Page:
Study: Medical Marijuana Associated With Reduced Opioid Use in Fibromyalgia Patients

Fibromyalgia patients suffering from lower back pain respond favorably to medical cannabis as a treatment, according to a new study published in the journal Clinical and Experimental Rheumatology, and epublished by the National Institute of Health.

For the study, researchers assessed the analgesic efficacy of both opioids and medical cannabis in 31 fibromyalgia (FM) patients with lower back pain. Participants were treated with inhaled cannabis containing less than 5% THC for a six month period

According to a press release from NORML, patients reported greater pain improvement with medical cannabis as opposed to the use of opioids alone. Patients demonstrated increased range of motion following cannabis treatment, but did not show any similar improvement with opioids. While undergoing cannabis treatment, the majority of patients elected to “decrease or discontinue pharmaceutical analgesic consumption”.

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Study: Marijuana Effective at Treating Fibromyalgia

According to a new study published by the Journal of Clinical Rheumatology,  marijuana had “a significant favorable effect” on fibromyalgia among all participants.

A fibromyalgia word cloud.

“Fibromyalgia is a chronic pain syndrome, characterized by chronic musculoskeletal pain, fatigue, and mood disturbances”, explains the study’s abstract. “There are nearly no data on the effect of medical cannabis (MC) treatment on patients with fibromyalgia.”

For the study, data was obtained “from the registries of 2 hospitals in Israel (Laniado Hospital and Nazareth Hospital) on patients with a diagnosis of fibromyalgia who were treated with MC.” After obtaining patient consent, demographic, clinical, and laboratory parameters were documented. All the patients “also completed the Revised Fibromyalgia Impact Questionnaire regarding the period before and after MC treatment.”

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New Hampshire Committee Votes to Allow Medical Marijuana for Chronic Pain and PTSD

A legislative committee in New Hampshire has given approval to two bills that would expand the state’s medical marijuana law.

The House Health, Human Services and Elderly Affairs Committee voted 12 to 6 to add chronic pain as a condition that qualifies someone to legally use marijuana for medical purposes. The committee also voted to add post traumatic stress disorder (PTSD) as a qualifying condition, though the vote was considerably closer; 9 to 8.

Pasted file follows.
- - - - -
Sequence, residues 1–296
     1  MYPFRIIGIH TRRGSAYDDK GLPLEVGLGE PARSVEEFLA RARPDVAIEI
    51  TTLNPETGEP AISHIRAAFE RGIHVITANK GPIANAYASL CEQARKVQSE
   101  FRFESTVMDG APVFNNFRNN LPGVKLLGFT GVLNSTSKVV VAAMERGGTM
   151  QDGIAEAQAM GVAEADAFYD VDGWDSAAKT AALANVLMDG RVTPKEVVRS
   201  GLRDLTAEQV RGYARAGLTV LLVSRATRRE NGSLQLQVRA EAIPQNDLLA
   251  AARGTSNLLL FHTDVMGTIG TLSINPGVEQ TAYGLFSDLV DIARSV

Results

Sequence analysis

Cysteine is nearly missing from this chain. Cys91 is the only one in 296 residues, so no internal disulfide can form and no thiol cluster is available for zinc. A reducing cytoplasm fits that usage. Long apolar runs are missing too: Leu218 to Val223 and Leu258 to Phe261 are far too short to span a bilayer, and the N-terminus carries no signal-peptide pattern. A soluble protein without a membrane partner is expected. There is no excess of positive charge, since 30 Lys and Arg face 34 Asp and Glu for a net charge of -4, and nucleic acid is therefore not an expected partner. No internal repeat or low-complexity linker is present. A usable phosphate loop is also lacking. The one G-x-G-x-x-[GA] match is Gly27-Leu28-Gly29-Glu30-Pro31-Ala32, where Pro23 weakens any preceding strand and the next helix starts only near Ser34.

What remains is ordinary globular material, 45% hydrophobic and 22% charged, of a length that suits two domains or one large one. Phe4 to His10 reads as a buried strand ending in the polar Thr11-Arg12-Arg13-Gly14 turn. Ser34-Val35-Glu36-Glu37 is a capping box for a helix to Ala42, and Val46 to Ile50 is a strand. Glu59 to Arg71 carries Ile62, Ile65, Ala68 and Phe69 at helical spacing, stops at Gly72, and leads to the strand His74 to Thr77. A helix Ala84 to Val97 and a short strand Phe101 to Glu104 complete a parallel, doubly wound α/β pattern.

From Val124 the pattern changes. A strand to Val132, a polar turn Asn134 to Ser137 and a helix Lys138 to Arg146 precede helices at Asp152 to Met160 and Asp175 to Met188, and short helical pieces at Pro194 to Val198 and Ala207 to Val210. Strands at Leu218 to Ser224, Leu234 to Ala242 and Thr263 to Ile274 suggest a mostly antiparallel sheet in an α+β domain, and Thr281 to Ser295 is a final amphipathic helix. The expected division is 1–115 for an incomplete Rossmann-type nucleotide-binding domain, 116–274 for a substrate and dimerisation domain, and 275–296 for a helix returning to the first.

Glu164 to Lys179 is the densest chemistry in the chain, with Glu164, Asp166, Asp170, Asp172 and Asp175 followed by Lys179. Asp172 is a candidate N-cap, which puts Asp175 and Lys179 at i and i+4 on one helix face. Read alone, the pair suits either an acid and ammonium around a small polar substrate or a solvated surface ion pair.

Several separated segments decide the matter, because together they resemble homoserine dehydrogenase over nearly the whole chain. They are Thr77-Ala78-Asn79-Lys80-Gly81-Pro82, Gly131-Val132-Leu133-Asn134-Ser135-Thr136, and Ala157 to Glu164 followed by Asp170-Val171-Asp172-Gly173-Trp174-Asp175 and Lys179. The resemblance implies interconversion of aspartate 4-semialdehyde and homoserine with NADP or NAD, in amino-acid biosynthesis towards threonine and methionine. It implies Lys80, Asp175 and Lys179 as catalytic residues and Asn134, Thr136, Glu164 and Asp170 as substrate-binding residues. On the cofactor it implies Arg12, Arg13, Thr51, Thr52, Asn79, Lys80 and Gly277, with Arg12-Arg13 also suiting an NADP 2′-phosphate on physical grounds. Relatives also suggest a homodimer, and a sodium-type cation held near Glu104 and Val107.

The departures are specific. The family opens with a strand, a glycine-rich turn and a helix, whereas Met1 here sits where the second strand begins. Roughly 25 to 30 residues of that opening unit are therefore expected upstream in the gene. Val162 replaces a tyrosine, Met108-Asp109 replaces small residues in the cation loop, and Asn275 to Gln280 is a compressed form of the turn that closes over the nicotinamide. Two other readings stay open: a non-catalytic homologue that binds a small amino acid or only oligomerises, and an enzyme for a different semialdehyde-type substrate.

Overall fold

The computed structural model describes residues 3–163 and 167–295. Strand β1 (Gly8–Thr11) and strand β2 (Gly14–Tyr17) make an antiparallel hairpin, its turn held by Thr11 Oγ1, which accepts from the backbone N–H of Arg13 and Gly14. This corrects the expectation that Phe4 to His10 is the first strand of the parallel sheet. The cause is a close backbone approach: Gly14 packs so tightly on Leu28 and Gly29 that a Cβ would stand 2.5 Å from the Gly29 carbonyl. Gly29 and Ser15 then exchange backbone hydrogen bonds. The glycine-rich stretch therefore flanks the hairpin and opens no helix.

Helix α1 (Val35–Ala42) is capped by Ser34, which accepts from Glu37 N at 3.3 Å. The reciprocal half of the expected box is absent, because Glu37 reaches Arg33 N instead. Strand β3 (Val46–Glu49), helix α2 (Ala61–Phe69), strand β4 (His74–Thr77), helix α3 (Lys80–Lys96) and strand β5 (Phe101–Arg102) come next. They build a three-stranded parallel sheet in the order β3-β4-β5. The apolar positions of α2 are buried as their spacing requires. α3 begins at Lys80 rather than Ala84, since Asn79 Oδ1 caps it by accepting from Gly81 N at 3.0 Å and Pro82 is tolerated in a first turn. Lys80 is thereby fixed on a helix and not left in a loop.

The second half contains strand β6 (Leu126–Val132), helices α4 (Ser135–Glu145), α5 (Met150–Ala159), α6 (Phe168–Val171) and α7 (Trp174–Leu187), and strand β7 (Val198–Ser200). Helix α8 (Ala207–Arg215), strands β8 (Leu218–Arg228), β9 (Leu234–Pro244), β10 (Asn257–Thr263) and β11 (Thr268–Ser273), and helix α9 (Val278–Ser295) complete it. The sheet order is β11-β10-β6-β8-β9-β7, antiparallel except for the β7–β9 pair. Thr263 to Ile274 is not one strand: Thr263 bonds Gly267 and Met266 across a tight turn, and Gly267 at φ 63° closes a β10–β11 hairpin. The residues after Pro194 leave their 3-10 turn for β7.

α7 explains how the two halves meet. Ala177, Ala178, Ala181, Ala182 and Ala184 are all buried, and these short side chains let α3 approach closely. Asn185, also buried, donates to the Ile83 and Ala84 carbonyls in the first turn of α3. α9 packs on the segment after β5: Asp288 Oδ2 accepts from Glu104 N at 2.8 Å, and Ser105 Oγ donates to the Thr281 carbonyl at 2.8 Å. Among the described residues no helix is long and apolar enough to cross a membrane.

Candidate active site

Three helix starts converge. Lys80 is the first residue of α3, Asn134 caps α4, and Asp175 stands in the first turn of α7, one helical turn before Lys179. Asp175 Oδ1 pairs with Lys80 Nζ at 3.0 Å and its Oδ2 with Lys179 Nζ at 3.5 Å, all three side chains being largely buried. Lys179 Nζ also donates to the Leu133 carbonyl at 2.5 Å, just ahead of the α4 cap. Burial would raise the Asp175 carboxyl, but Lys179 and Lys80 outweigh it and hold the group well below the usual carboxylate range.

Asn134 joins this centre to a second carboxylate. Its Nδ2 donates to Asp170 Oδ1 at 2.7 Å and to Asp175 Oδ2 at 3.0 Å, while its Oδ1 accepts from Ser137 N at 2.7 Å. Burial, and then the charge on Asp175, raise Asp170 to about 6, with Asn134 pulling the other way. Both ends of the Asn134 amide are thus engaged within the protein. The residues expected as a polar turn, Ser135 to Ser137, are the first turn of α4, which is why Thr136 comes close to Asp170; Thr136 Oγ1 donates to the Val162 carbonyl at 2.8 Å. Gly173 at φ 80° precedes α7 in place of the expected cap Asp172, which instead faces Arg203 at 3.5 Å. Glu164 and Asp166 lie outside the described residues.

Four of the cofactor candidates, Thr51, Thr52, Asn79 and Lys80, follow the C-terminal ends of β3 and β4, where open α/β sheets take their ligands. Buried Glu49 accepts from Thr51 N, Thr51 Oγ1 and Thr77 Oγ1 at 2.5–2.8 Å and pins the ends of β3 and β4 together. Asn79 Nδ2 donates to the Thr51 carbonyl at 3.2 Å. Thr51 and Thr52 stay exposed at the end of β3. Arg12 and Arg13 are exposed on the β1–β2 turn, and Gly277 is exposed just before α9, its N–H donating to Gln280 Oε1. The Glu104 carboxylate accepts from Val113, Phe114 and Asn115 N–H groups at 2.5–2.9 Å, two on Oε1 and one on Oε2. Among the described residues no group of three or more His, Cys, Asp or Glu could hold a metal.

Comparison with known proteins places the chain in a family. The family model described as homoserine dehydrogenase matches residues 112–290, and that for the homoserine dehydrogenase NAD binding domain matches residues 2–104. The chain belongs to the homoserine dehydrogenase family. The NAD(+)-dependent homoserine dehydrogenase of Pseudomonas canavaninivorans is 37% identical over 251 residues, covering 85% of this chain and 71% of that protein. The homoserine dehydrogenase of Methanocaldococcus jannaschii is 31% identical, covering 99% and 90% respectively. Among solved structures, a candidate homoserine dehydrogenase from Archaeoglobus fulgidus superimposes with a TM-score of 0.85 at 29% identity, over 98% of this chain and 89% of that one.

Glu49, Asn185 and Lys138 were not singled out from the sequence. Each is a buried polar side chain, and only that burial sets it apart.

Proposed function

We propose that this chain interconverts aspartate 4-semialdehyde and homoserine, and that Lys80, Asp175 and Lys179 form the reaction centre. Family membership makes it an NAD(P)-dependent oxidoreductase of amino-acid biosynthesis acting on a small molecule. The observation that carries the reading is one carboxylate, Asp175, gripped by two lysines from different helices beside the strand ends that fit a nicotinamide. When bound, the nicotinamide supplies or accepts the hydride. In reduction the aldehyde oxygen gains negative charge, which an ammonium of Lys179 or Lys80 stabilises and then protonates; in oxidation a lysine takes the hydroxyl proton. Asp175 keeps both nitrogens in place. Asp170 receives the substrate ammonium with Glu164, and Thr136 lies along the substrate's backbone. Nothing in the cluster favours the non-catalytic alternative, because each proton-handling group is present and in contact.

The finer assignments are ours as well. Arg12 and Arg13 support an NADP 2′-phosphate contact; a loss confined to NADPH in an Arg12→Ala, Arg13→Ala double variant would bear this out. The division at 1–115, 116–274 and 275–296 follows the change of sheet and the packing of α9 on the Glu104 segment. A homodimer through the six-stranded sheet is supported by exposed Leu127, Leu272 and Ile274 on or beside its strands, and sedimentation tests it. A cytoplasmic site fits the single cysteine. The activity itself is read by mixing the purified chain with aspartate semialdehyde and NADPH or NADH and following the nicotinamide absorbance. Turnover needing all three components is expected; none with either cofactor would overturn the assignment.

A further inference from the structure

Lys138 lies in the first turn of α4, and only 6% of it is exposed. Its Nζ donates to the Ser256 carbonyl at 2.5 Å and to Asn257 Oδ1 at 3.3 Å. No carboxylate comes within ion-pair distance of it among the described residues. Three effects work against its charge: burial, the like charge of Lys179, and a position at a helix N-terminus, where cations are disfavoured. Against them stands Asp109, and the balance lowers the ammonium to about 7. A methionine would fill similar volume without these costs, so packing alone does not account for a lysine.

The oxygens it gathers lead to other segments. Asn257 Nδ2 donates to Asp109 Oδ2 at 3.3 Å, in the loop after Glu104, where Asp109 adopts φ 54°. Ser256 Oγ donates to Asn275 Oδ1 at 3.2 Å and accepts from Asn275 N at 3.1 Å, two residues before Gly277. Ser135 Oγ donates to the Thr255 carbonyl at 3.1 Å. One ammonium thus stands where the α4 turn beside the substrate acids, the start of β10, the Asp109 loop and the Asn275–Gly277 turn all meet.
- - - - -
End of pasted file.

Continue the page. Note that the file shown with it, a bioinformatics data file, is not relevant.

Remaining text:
The current list of qualifying medical cannabis conditions in New Hampshire includes:

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Study: 100% Of Those with Migraines, Fibromyalgia and IBS Find Reduction Of Pain with Marijuana

By The National Pain Report

migrainesOne-hundred percent (100%) of people with migraine headache, fibromyalgia or irritable bowel syndrome who use medical marijuana for a minimum of 30 days report a reduction in pain and discomfort, a 6-month study conducted by Care By Design found.

People included in the survey suffer from a range of different conditions, and some suffer from multiple conditions, including:

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Cannabinoid Deficiency May Cause Migraines, Fibromyalgia and Irritable Bowel Syndrome

A meta-study being published in the upcoming issue of the journal NeuroendocrinologyMedicalMarijuana2-JCR.jpg Letters, and published online ahead of print by the U.S. National Institute of Health, has found that cannabinoid deficiency may play a role in migraines, fribromyalgia, irritable bowel syndrome and other medical conditions, indicating that cannabinoid intake may provide a treatment option for these ailments.

For the study; “Available literature was reviewed, including searches via the National Library of medicine database and other sources.”

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